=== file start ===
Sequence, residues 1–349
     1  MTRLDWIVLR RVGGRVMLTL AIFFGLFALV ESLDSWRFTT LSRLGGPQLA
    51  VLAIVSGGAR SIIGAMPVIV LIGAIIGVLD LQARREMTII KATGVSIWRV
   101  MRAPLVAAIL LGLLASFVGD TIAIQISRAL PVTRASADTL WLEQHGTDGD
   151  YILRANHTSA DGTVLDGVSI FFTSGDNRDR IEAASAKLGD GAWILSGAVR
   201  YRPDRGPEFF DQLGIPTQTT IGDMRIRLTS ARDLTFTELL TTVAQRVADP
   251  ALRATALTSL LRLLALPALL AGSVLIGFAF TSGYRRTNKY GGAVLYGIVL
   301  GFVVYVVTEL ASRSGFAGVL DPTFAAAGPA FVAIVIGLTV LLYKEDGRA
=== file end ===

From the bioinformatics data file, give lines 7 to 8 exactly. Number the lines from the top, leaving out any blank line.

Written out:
   251  ALRATALTSL LRLLALPALL AGSVLIGFAF TSGYRRTNKY GGAVLYGIVL
   301  GFVVYVVTEL ASRSGFAGVL DPTFAAAGPA FVAIVIGLTV LLYKEDGRA